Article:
Sunday, July 22, 2012
Canadian TV's Downton Abbey
And I have to remind them that we certainly tried, oh how we tried.
I was the kid TV critic for The Hamilton Spectator way back in 1971 when CBC-TV began filming Mazo de la Roche's The Whiteoaks Of Jalna.
CBC made a big mistake in keeping it all secret --no reporters were allowed near the set although from time to time publicity photos dribbled out --like the day a Great War bombing campaign was filmed at brickyards 40 miles northwest of Toronto.
I still can't figure out why CBC botched the opportunity for such great publicity. I blame the producer, brilliant, mercurial Fletcher Markle for letting all the glory go to his head.
CBC first had to buy rights to the 1935 movie Jalna and suppress it.
Markle then hired Timothy Findley no less to adapt the book --also contributing were writers Claude Harz and Graeme Woods.
At some point the fatal decision was made to add a contemporary story and flashback to the story generations had grown up with.
The same actors would play the characters in both sequences which was completely confusing.
After several false starts William Hutt who had been cast as Rennie suddenly left the production. I later asked him if he had contracted a "diplomatic illness" and he roared with laughter and nodded his head.
He was replaced by Paul Harding.
Great Kate Reid was Old Adeline, Don Scardino Ernest and others included Blair Brown (Pheasant). Amelia Hall (Meg), Toby Tarnow (Ruth), Linda Goranson (Victoria).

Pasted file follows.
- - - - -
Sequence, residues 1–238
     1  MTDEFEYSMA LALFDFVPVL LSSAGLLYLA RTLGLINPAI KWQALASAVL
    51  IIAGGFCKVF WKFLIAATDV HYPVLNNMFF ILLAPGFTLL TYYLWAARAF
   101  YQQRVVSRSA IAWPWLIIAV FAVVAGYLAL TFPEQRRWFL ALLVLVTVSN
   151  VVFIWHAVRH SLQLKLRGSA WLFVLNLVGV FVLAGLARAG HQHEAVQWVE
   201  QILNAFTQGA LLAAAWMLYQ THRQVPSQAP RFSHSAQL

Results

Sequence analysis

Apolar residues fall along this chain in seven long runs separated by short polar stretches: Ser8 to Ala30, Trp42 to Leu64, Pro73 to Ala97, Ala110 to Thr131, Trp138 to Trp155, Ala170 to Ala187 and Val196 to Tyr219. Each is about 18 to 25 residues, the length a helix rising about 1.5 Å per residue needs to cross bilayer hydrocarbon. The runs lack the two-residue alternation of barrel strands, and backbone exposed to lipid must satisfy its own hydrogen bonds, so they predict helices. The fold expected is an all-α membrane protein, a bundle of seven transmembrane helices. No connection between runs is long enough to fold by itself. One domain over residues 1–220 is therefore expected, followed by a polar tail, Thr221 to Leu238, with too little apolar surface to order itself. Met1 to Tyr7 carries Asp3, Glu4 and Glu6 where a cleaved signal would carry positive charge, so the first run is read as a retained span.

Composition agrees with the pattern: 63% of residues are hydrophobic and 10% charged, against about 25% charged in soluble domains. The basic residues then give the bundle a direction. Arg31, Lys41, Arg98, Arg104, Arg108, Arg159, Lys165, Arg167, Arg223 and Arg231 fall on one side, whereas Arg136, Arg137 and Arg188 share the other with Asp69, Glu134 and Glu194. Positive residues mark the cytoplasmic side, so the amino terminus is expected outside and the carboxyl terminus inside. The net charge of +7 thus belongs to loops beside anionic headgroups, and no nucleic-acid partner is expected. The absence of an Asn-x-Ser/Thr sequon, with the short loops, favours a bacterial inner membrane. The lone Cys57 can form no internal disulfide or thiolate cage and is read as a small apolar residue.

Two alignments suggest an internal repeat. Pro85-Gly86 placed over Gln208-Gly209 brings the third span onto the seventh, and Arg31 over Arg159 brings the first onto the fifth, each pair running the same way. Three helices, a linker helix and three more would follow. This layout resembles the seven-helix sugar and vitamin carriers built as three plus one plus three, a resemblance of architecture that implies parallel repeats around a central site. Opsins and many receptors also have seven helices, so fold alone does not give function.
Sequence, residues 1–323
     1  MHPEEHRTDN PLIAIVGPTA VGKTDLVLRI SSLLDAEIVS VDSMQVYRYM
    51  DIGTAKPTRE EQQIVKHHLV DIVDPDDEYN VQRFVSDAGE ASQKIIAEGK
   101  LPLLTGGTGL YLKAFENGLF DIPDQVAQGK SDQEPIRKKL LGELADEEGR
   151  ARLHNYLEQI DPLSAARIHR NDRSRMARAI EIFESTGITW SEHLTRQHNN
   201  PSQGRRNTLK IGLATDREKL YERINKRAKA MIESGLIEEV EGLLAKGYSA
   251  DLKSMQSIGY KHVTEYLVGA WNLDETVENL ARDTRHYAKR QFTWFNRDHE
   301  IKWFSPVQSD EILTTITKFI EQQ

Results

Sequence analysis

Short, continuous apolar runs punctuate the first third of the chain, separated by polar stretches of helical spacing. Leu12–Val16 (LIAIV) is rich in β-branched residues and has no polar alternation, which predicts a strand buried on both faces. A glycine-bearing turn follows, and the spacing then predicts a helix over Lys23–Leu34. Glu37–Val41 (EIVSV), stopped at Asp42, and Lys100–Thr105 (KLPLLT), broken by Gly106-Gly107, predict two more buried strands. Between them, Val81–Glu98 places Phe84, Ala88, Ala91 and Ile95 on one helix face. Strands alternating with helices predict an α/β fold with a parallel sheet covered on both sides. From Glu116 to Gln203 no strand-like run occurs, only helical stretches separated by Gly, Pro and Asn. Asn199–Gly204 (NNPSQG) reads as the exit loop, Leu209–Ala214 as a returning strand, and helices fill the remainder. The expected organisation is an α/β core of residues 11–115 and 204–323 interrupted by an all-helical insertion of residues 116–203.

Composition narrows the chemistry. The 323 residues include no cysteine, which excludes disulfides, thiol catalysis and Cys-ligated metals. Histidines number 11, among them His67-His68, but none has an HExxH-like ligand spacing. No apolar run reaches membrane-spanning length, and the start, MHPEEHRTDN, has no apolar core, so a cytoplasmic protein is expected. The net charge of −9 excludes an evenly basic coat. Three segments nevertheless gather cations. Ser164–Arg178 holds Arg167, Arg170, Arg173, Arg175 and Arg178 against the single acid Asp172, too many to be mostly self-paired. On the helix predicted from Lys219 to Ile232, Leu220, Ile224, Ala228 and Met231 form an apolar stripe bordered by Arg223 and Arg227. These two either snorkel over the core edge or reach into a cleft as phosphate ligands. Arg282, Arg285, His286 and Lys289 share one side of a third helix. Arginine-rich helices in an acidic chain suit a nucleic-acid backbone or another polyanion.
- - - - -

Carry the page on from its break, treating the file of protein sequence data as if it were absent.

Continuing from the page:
Decades later I bumped into Blair on the set of a 1985 U.S. miniseries titled Space and reminded her we'd met on Jalna and she frowned and walked away.
Although a CBC production CBC ordered the miniseries be blacked out on Windsor's CKLW-TV (partially owned by CBC) as CBC was hoping all along for an American sale which never happened.
Jalna was supposed to mark CBC's first big foray into PBS Masterpiece Theater company.
In fact CBC even tried to sell it to PBS. MP executive producer Joan Wilson later recalled the "horrible day" she was forced to sit in a darkened screening room and watch the first two episodes with Markle beside her.
She politely refused to buy the miniseries at all.
CBC spent over $2 million on its effort --a big sum for 1971. The Whiteoaks house actually existed right outside Whitby.
For the vaudeville sequences the long closed Winter Garden theatre atop Loew's downtown cinema was re-opened and refurbished at great cost.
I attended the lavish premiere held at the St. Lawrence Center and noticed the audience was so quiet you could have heard a pin drop.
When the lights went on Reid and Hall bolted for the bar and began belting back malt whiskies. Markle's legendary cool demeanor had disappeared. And days later when the critical reviews appeared it was apparent: Jalna was a bomb.
It premiered in January 1972 but the repeat in 1974 was significantly altered with many of the modern day scenes completely cut out. And CBC's Jalna has never been seen since --no VHS or DVD boxed sets, nothing.
But I submit the experience was worthwhile and out of that debacle sprang such historical series as Pierre Berton's The Last Spike and later on Road To Avonlea.
CBC's Jalna disappeared but Jalna did not.
In 1994 French TV presented its own miniseries adaptation of Jalna headed by veteran star Danielle Darrieux --it was filmed in Quebec--and Global TV later presented a version dubbed in English that I thought adequate.
So perhaps based on the Downton Abbey success Jalna will rise again --maybe Sullivan Films which presented Road To Avonlea is up to the challenge?